Please note: As I have mentioned before, instead of getting silly with parks, I only count a park once per site. There were three parks at Findlay and Western, but since it is only one site, I only count it once. I have broken down each site below.
The corner of Findlay and Western was a brick yard until it was converted into a baseball diamond. It was home to the Reds for 86 years.
|Park Name: League Park||Team: Cincinnati Reds|
|Opening Day: May 1, 1884 (American Association)||Closing Day: October 2, 1901|
|Dimensions: LF 253|
To quote Michael Benson from his book Ballparks of North America, "This ballpark... and Baker Bowl have the notoriety of being the only two baseball arenas ever to fall down and kill people. (Baker Bowl did it twice - but only because it was given ample opportunity.)"
Indeed on opening day in 1884, the stands collapsed and killed one person, injuring many others. In 1885, the center field wall was painted black to help the batters see the ball, creating the first "batter's eye". During the first two weeks, a ball hit over the right field fence was only a double. After that, the Reds leased additional land and moved the fence back 50 feet. There was a "skin" infield, all dirt, no grass.
This park burned in both 1900 and 1901.
|Park Name: Palace of the Fans||Team: Cincinnati Reds|
|Opening Day: April 17, 1902||Closing Day: October 6, 1911|
|Dimensions: RF 450||Capacity: 6,000|
After the fire at League Park in 1901, a new stadium was built. This park, Palace of the Fans, looked like a palace with 22 Corinthian columns with elaborate detail at the top. If you were a die hard fan, you sat in Rooters Row. This section was so close to the players, the fans could take part in on field conversations. The only thing separating the fans and players was plywood and chicken wire. To make things more interesting, Rooters Row was strategically placed by the bar. As time passed, this palace became brokedown. The Cincinnati building inspector started to complain because of cracked girders, decayed supports and unsafe floors. In 1911, George Herrmann and others, took over the Reds and sunk some money into their park.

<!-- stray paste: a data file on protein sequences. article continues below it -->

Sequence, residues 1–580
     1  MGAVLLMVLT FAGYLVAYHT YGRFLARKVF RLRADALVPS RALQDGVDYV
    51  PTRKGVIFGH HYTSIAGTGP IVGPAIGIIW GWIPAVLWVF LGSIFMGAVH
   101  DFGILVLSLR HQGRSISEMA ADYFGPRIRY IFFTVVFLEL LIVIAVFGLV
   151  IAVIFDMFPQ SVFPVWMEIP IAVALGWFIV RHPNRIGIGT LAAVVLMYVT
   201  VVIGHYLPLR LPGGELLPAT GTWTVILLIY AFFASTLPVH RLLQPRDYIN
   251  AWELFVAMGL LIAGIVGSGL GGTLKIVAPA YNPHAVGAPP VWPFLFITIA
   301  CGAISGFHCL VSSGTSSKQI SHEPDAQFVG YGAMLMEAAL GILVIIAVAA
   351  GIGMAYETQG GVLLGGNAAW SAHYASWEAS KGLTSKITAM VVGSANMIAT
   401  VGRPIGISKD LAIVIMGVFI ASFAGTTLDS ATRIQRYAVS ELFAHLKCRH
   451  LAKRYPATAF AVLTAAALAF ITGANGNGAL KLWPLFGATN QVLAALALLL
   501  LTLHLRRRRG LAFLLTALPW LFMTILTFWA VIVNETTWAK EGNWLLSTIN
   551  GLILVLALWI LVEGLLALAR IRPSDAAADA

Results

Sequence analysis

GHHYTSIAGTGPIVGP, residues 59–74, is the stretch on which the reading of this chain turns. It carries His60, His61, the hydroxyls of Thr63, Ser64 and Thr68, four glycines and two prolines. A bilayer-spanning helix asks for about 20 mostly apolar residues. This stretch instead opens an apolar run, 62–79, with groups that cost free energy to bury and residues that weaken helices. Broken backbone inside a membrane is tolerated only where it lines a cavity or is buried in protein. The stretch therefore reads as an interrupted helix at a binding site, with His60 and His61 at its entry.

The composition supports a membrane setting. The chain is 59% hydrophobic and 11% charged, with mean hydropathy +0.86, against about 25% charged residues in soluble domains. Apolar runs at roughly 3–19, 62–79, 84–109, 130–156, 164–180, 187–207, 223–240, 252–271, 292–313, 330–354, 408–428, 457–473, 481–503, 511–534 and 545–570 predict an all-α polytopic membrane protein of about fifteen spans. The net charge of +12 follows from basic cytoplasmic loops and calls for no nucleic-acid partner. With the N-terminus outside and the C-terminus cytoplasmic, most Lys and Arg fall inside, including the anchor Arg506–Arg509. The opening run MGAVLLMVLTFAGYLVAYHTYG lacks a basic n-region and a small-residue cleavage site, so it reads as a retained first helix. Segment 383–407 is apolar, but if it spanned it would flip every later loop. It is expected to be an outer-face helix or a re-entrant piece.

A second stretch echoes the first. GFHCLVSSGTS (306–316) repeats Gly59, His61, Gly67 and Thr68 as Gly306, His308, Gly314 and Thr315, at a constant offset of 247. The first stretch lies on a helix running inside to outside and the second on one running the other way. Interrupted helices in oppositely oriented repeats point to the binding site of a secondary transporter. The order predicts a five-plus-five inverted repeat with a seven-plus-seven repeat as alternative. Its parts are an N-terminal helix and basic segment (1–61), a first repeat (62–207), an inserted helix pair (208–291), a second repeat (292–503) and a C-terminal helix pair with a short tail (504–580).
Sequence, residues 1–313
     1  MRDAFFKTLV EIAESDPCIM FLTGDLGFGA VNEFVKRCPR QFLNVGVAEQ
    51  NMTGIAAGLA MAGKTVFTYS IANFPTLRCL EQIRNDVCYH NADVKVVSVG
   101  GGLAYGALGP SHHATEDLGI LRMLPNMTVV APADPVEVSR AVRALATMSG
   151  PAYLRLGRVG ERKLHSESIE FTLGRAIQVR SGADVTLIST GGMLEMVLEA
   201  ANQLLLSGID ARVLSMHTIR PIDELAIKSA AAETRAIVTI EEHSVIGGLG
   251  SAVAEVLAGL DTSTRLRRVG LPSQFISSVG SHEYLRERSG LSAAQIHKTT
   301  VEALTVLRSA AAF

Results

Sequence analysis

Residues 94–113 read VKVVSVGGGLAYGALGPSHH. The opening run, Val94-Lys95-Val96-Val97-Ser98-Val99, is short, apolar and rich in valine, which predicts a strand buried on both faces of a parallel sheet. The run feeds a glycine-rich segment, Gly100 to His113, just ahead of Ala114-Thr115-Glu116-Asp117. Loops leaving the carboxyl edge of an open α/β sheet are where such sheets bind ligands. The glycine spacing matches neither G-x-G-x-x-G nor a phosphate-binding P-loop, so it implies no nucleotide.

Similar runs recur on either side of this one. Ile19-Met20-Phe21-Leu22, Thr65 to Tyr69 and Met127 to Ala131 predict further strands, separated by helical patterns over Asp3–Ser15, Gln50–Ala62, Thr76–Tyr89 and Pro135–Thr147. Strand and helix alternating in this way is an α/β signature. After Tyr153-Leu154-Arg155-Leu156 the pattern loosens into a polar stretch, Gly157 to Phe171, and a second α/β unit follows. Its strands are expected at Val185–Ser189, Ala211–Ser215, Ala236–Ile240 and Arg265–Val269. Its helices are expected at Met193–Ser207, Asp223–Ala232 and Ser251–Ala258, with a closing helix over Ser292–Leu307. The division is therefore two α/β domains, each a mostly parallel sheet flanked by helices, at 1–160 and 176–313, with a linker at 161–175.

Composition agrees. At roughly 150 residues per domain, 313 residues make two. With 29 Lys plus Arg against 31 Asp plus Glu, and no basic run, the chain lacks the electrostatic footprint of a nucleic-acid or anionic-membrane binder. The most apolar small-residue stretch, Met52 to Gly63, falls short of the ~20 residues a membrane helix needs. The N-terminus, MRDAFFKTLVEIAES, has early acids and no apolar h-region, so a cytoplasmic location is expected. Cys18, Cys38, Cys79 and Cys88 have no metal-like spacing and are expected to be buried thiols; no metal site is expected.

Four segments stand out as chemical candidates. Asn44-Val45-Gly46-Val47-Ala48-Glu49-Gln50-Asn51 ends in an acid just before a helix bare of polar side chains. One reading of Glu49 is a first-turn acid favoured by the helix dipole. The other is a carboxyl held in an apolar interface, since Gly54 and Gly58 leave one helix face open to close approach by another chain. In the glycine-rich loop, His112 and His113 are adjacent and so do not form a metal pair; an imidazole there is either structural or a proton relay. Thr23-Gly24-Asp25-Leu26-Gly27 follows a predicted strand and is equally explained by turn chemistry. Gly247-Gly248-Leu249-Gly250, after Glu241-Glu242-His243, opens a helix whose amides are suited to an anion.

|Teams: Cincinnati Reds||Capacity: 20,000 (1912) 29,488 (1970)|
|Opening Day: April 11, 1912||Closing Day: June 24, 1970|
|Dimensions: LF 360 CF 420 RF 360 (1912) LF 328 CF 387 RF 366 (1970)||Owner: Cincinnati Reds|
|Architect: Harry Hake||Cost: $225,000|
|AKA: Redland Field (1912 - 1933)|
This park was one of the first of the old, long time, parks to go, being replaced by a concrete doughnut. This park has some interesting history. In 1937 the Ohio River flooded and covered this park with 21 feet of water. Pitchers Lee Grissom and Gene Schott rowed a boat into the park over the outfield wall. In 1957 a 58 foot high and 65 foot wide scoreboard was installed. This park had a four foot incline in left field known as the "terrace". It created a lot of problems for fielders.
Crosley Field, which was named after club owner, Powell Crosley, inventor of the Crosley Automobile. After this park was abandoned in 1970, it was used to hold impounded cars. This park did a lot for this park of Cincinnati. It turned an industrial section (the park was built on an abandoned brick yard) into a lively neighborhood. However, the neighborhood is in decay today. Pictured below is what stands on the site of Crosley Field, besides an industrial park. (Quick note, I find it interesting that this park has returned to its industrial roots).
Crosley Field lives on in the suburb of Blue Ash, Ohio. They have a facility with numerous athletic fields. One of them has original seats, an original ticket booth, and the huge scoreboard, which remains the same as it did on June 24, 1970, during the last batter of the game, when Crosley closed for good. (All pictured below).
CROSLEY FIELD RE-CREATION
JULY 11, 1988
BLUE ASH CITY COUNCIL
Reds retired numbers at Crosley Field:
In the same facility, Blue Ash has a park called Riverfront Park (Cinergy Field) with the same dimensions of the former field. Who knows if they are going to recreate that park as well.
© 2003-11 Paul Healey. Photographs of the old stadium © their owners. Used without permission.